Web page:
Robby and Barbara Robb
Alumnus Demonstrates Passion for STEM Education Through Scholarship Gift
The University of Denver's intensified focus on science, technology, engineering and math (STEM) education makes perfect sense to Robby Robb, a DU alumnus and former engineer who is also the founding chairman of the board of the Denver School of Science and Technology (DSST). This network of charter schools within the Denver Public Schools system focuses on STEM education and aims to prepare kids for college.
Robby (BS '60, MBA '61) knew all about the importance of those fields long before STEM became a buzzword in the world of education.
"If I look at where the United States is, one of the things we are able to do is to create and develop technology and innovation," Robby says. "Engineering, science, medical—all of these areas require the basis you will have with a STEM education."
This year, Robby and his wife, Barbara, did their part to help University of Denver students achieve success in the sciences: They donated appreciated real estate valued at almost $2 million to support scholarships for STEM students at DU.
The gift, which gives special consideration to graduates of DSST, was made in the form of a charitable remainder unitrust that provides the Robbs with valuable tax benefits and an income stream for life.
The Robbs' gift was partially matched by the University, which enabled their endowed scholarship to be awarded to students in the fall of 2015.
Laying the Foundation
The Robbs' gift perfectly complements the University's focus on STEM, illustrated most dramatically by a new 110,000-square-foot, $60 million building that will house the Daniel Felix Ritchie School of Engineering and Computer Science and the Knoebel Center for the Study of Aging. The expansion also means the University will be able to grow its engineering and computer science student and faculty capacity by 30 percent.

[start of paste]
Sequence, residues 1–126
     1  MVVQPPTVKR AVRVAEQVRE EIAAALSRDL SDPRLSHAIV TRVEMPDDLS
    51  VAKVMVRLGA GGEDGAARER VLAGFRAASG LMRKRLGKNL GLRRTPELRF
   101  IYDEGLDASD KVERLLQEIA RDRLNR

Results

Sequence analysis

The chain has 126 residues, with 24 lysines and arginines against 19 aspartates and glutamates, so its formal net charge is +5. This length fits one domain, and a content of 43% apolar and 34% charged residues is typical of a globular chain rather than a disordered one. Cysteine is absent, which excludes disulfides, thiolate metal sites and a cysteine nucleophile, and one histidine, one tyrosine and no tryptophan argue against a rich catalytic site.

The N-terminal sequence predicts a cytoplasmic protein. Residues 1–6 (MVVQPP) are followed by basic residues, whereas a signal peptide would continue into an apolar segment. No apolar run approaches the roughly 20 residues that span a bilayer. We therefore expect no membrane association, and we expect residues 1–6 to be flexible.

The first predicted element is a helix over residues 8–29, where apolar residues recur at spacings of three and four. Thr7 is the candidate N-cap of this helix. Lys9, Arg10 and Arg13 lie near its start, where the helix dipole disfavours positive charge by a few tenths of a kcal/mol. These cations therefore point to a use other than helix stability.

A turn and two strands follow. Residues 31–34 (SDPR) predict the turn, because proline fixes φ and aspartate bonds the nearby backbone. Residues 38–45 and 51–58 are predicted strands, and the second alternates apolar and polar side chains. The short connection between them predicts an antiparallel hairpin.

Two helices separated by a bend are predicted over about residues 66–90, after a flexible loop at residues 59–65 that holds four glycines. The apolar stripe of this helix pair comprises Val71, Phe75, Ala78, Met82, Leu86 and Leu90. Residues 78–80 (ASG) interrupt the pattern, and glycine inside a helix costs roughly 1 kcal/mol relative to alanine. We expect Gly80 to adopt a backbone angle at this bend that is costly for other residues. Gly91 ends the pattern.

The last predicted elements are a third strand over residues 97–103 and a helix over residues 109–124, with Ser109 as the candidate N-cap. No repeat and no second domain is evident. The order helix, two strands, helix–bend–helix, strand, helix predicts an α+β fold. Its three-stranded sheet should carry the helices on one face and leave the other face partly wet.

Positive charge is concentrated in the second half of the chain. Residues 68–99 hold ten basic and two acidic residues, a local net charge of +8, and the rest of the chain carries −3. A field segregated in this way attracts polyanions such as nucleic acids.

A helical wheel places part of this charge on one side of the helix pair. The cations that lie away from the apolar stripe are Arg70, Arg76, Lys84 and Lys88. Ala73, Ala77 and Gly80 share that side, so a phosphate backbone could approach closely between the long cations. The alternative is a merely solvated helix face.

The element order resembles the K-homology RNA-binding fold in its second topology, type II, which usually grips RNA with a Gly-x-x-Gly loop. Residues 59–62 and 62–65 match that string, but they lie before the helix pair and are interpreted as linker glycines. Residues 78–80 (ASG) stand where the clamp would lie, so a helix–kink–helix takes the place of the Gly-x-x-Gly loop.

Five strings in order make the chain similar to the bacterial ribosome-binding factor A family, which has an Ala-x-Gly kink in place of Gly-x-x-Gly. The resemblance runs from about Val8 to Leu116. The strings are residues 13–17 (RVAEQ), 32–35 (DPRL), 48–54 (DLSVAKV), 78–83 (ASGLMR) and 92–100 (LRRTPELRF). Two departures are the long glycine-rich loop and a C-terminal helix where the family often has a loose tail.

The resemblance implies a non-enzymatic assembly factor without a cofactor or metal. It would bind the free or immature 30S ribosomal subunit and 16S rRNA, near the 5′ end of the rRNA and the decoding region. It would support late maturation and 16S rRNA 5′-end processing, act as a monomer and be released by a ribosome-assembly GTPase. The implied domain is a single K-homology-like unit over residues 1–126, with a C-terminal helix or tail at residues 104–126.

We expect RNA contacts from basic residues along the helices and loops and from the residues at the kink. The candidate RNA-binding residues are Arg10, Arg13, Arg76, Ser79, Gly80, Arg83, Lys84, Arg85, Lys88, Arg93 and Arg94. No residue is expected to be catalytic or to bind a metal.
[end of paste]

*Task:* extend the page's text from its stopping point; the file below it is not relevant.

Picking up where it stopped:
Robby says his own passion for STEM was nurtured at the University of Denver.
"My education from DU was the foundation that allowed me to have a very successful career in a number of areas," Robby explains. "When I go into something new and different, I find that I draw from the basic education from DU."
That education also came in handy when Robby was helping create DSST.
"With DSST, I had the opportunity to make a difference in how we are educating these kids. I think a lot of the problems we have out there are [due to the fact that] a number of the schools just don't have the discipline or the environment that prepares [kids] for college," Robby says.
"One of the messages that DSST has is these kids are going to be college-ready. That was one of the goals in organizing this, and it's been very successful in terms of accomplishing that."
Focusing on the Future
Thanks to his own STEM education, Robby worked for 20 years at Martin Marietta and Boeing in the firms' engineering, production control and computer operations divisions. He then spent two decades working on private ventures before turning his focus to education—and the endeavor that would eventually become DSST.
Today, the DSST network serves close to 3,000 students on six campuses. More than 70 percent are students of color, and more than 65 percent are from low-income families. And every graduate has been admitted to a four-year college or university.
"That's what I want," Robby says when talking about the college admission rate. "I want these kids to be successful and actually graduate and have the ability to realize their dreams."
"I've always had this personal mantra that I wanted to make a difference that is a difference," Robby says. "I see this as a way to help others get the education to make a difference. This helps everyone."
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